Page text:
Fort Campbell is on a mission to make barracks living the best it can be, and units across the installation are taking the initiative to push that effort forward.
Dozens of Soldiers took on Enterprise Military Housing, or eMH, training over the holiday season, learning the ins and outs of the Department of Defense’s barracks management system at one of the highest participation rates since classes began in 2018.
“Seeing the engagement from the units makes you feel good because you know we’re not doing this for naught,” said Mark Herndon, chief of Unaccompanied Soldier Housing, Single Soldier Housing and the Army Barracks Management Program, Directorate of Public Works. “What we’re doing is beginning to take hold, it’s a positive approach and we have units that are stepping up and understanding what they have to do.”
ABMP hosts at least three eMH classes a month: Two for commanders and first sergeants, one for barracks managers and additional classes as needed. The program normally sees eight to 10 barracks managers and three to six commanders per class, but over the holidays Herndon said there were 10-12 Soldiers in each session.
Having a high turnout is important because DoD requires two Soldiers per company level to be trained on the system, which allows users to manage room assignments, terminations, inspections, work orders and more.
“The more people that truly understand what’s required in the barracks and how they’re managed, the more it ultimately benefits that Soldier who lives in the room,” Herndon said. “For instance, we can switch out a refrigerator or any piece of furniture in an hour or so if they know what they’re doing and have all the processes in place, but if they don’t, they’ll spend a day running around.”
Staff Sergeant Daniel Lockamy, the ABMP representative for 426th Brigade Support Battalion, 1st Brigade Combat Team, 101st Airborne Division (Air Assault), completed eMH training in July 2021 and credits the class with setting him up for success.
“Before I went into the training I knew a little bit about the barracks, but this class opened my eyes to all types of things related to facilities, work orders and anything that could lead to problems,” Lockamy said. “It showed me the areas I need to focus on, and that’s really helped me get to where I am today as far as managing the barracks and having support from the housing office.”
During the training, Soldiers learn about Army housing in general, how to access and use eMH and what their responsibilities are as residents move in or out of the barracks. They also cover the Army Maintenance Application, or ArMA, which is used to submit work orders to DPW.
“It’s important for Soldiers to take these classes because it covers all aspects of barracks management and how to maintain them,” Lockamy said. “And it links to ArMA because if there’s a facility issue, you can’t resolve it without the ability to submit workorders through ArMA.”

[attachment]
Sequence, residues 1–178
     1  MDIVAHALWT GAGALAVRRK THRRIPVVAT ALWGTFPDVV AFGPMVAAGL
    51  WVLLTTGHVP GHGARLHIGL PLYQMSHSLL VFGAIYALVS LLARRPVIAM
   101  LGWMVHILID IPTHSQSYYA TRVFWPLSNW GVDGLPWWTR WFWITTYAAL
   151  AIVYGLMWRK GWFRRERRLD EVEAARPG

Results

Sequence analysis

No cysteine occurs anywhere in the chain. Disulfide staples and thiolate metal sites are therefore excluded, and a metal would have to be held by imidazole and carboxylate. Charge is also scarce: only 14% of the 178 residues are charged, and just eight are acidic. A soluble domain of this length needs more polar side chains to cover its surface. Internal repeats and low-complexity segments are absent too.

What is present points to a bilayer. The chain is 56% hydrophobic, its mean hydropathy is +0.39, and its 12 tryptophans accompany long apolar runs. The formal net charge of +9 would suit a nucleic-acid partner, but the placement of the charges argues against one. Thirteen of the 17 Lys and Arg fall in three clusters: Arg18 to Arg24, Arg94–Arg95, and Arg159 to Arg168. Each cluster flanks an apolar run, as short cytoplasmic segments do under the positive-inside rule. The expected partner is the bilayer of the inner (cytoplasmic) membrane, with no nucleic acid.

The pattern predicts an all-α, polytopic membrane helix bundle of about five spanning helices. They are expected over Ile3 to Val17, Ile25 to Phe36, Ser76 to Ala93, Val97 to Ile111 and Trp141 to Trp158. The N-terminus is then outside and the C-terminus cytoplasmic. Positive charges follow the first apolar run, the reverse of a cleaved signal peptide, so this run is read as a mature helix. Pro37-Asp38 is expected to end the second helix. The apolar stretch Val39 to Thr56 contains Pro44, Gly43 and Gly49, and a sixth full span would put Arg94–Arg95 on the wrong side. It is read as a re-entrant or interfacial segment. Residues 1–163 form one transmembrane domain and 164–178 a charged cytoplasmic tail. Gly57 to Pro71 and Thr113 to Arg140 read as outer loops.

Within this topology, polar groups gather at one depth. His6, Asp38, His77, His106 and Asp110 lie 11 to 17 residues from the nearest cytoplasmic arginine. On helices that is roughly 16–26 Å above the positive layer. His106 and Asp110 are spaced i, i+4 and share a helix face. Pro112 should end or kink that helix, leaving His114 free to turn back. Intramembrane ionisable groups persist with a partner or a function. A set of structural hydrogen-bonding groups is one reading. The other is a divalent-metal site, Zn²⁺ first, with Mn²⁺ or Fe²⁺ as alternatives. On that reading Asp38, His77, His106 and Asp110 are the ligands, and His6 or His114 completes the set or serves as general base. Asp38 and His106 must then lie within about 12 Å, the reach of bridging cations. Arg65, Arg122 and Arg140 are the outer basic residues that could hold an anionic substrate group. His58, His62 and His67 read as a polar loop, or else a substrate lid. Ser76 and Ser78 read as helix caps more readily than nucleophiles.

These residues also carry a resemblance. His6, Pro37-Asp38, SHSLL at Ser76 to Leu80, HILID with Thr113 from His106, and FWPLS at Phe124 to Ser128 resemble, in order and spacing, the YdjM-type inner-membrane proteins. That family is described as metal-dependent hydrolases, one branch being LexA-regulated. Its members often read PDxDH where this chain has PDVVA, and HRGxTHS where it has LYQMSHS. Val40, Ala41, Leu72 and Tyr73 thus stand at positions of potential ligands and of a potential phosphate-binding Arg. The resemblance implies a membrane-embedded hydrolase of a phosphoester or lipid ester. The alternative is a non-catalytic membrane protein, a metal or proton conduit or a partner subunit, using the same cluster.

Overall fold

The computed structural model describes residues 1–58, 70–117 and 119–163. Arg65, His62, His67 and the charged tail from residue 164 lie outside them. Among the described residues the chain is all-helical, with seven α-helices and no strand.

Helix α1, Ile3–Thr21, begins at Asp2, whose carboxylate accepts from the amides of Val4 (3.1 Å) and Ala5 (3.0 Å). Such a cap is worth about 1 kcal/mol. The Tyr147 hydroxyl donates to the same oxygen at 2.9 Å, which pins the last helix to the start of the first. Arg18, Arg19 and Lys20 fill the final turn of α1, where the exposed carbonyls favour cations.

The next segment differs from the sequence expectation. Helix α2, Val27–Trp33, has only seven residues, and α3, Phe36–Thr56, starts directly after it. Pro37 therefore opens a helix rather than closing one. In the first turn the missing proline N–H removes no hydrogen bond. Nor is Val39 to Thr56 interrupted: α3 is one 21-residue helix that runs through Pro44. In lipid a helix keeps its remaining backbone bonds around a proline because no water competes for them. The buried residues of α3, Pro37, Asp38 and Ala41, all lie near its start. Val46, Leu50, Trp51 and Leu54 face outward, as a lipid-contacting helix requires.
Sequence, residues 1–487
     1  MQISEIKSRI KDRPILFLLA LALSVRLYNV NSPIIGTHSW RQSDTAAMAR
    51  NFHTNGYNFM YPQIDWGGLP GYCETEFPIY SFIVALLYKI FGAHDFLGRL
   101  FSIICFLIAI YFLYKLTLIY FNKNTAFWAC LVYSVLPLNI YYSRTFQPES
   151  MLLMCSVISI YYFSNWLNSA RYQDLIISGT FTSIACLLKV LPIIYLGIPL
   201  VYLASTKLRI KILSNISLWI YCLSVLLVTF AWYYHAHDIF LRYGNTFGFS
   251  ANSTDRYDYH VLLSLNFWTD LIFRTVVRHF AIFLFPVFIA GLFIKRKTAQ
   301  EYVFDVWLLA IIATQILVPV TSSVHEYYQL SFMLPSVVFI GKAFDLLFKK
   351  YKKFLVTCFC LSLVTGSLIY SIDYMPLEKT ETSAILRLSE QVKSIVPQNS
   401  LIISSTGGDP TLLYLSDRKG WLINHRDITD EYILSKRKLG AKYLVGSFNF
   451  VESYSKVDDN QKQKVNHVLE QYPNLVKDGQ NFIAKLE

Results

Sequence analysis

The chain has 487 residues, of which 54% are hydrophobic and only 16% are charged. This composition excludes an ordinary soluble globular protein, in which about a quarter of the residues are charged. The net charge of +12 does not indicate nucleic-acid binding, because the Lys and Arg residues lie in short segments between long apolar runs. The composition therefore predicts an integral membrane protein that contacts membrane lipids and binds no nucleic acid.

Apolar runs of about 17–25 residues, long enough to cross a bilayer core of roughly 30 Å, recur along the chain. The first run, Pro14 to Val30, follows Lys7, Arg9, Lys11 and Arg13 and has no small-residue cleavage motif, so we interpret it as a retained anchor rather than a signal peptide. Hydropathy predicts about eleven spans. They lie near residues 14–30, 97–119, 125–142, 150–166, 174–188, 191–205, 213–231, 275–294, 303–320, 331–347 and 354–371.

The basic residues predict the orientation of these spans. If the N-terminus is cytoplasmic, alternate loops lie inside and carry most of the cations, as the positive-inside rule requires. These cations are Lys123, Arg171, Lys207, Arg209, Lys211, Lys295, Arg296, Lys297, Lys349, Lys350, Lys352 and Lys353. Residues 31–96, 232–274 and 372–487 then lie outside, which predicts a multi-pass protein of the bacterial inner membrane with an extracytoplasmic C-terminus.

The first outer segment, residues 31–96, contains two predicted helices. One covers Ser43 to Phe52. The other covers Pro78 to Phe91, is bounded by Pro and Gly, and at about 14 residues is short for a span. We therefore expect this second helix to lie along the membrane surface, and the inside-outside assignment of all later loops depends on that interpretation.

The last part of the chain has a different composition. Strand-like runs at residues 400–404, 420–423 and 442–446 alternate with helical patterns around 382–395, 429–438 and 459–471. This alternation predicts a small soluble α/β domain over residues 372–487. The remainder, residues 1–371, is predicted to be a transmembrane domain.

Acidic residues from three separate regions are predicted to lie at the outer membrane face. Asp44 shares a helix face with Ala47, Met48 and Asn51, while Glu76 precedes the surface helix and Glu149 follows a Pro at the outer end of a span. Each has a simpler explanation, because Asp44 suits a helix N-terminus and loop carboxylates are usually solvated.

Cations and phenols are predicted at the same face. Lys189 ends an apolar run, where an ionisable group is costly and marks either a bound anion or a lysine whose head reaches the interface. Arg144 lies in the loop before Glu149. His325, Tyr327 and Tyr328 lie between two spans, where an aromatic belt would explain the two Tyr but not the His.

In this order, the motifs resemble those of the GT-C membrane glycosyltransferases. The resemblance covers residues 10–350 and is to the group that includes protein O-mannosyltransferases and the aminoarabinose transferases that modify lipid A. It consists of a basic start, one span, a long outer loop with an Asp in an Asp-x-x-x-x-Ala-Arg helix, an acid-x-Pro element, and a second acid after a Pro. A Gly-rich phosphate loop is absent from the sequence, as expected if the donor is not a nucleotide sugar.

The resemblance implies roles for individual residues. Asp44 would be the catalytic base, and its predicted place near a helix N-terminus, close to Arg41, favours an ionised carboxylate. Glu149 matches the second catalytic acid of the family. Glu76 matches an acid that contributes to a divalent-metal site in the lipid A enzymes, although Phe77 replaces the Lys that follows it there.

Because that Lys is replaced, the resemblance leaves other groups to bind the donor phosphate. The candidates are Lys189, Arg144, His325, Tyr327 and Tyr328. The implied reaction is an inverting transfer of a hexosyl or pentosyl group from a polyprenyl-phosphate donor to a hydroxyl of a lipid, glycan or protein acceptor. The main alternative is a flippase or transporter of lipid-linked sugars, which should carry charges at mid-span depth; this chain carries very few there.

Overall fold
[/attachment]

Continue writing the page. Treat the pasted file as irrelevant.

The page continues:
ArMA was designed to streamline each installation’s work order process by directly connecting Soldiers and civilian employees to service technicians. Bastogne Soldiers were among the first to test the application in December 2020, and it was fully implemented across the installation in October 2021.
Users can access ArMA through the Digital Garrison App or via an online registration portal at https://www.armymaintenance.com/arma using a common access card. Lockamy helps Soldiers set up their ArMA accounts as they move into 426th BSB’s barracks, which helps them take charge of their experience and improve living conditions.
“There’s been a big push for quality of life in the barracks since the new division leadership took over,” Herndon said. “They promote and push it constantly and reiterate command responsibility and individual responsibility in the barracks.”
Encouraging units to sign up for eMH training is an important part of that, and the ABMP sends class schedules up each chain of command six months in advance so Soldiers can schedule a time.
The class for commanders and first sergeants lasts roughly three hours, while barracks managers can expect to spend six to seven hours since they will be using the eMH system daily. Herndon said that time investment can yield significant returns for Soldiers across the installation.
“To me, barracks management, barracks life and quality of life are combat multipliers,” he said. “We have the full gamut of barracks buildings from five years to 40 years old, but our goal is to provide the best experience we can because if you keep a Soldier happy in the barracks then you’re going to make them a happy Soldier the next day.”